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TLC Properties Chief Operating Officer Sam M. Coryell says county assessments don't factor in depressed market conditions.
TLC Properties Chief Operating Officer Sam M. Coryell says county assessments don't factor in depressed market conditions.

Commercial property valuations in question

Posted online
Valuations are on the rise for nearly 60 percent of Greene County’s 8,505 commercial properties, and many business owners have questioned the validity of the higher assessments.

Among them is Sam M. Coryell, son of TLC Properties founders Sam E. and Carol Coryell, the owners of 16 apartment complexes in Springfield.

While Sam M. Coryell said Greene County Assessor Rick Kessinger and his staff have been responsive to the company’s concerns, he believes rising property values in the face of the current real estate market go against common sense.

“The idea that property taxes are tied to property value is sound. The problem is, it doesn’t seem that the county wants to admit that property values have plummeted,” said Coryell, TLC’s chief operating officer. “I’ve heard all of Rick Kessinger’s explanations and none of them have rang true with me. I’m not saying he’s lying; I’m saying they haven’t given him a good cover story yet for why he’s raising property values in the middle of the Great Recession.”

According to Moody’s/Real Commercial Property Price Index, commercial values have dropped by roughly 47 percent between October 2007 and January this year, and values at the first of the year now are about equal to January 2001 levels.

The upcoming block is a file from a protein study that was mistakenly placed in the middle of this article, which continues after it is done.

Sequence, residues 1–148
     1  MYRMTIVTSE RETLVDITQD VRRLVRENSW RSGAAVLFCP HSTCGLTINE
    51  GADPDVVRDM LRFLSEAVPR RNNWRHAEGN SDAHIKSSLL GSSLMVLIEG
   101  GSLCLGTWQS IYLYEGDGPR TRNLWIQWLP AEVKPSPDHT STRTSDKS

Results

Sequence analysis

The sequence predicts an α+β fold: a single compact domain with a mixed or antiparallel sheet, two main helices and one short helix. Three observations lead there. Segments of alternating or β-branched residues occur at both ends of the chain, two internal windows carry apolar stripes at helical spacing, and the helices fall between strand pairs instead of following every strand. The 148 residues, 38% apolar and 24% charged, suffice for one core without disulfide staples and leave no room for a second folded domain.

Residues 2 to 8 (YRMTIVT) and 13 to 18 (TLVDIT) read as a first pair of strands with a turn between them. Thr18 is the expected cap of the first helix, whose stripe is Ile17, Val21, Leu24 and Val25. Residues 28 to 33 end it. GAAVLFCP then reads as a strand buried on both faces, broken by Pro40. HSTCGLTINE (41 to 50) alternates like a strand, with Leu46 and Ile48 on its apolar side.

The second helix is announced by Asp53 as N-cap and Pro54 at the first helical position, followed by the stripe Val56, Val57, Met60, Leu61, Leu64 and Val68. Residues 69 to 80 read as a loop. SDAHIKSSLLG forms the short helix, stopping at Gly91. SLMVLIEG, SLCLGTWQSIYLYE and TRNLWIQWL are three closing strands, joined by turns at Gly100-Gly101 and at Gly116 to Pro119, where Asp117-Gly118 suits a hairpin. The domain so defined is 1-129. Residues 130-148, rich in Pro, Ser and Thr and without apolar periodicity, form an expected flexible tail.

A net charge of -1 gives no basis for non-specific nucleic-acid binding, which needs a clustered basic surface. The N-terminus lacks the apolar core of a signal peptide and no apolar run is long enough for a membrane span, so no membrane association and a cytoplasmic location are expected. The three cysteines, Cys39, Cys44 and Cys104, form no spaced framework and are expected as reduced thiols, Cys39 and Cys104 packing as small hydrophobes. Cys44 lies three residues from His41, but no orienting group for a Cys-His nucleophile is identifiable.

Data is key
Kessinger said one of the big flaws in the local system is that real estate companies are not required to provide sales data to the assessor’s office.

“I don’t worry about revenue at all,” he said. “I worry about getting accurate numbers.”
Missouri counties are required to perform real estate assessments every other year.

Kessinger said 2011 valuations decreased for about 1,739 commercial properties, or 20 percent of those assessed in the county, while 1,717 property values remained the same.

Almost 1,800 commercial property owners, or 35.5 percent of those who received increase notices, appealed their values, according to the assessor’s office.

The county has on record 8,508 commercial parcels. Final numbers on this year’s assessments won’t be produced until all appeals are settled in August.

Kessinger said properties with higher 2011 assessed values were brought in line with Missouri statutes, which requires that counties assess properties between 90 percent and 110 percent of market values.

The county’s appraisals, which are intended to reflect market values, establish its assessed values. According to state law, commercial properties are assessed at 32 percent of fair market values; residential property at 19 percent; and agricultural property at 12 percent.

Kessinger said many people don’t understand that taxing levy districts, such as school districts, can increase levies to prevent operating revenues from falling. That means taxes can go up even when assessed values are flat or falling.

“Your assessed value can go down, and still your taxes can go up,” Kessinger said.

In fact, the Springfield R-XII School District has done just that each of the last four years without a vote of the people. In 2010, the district’s levy was 3.6226, up from 3.6187 in 2007.

Kessinger said Greene County uses a computer-assisted mass-appraisal program to deal with the large number of assessments.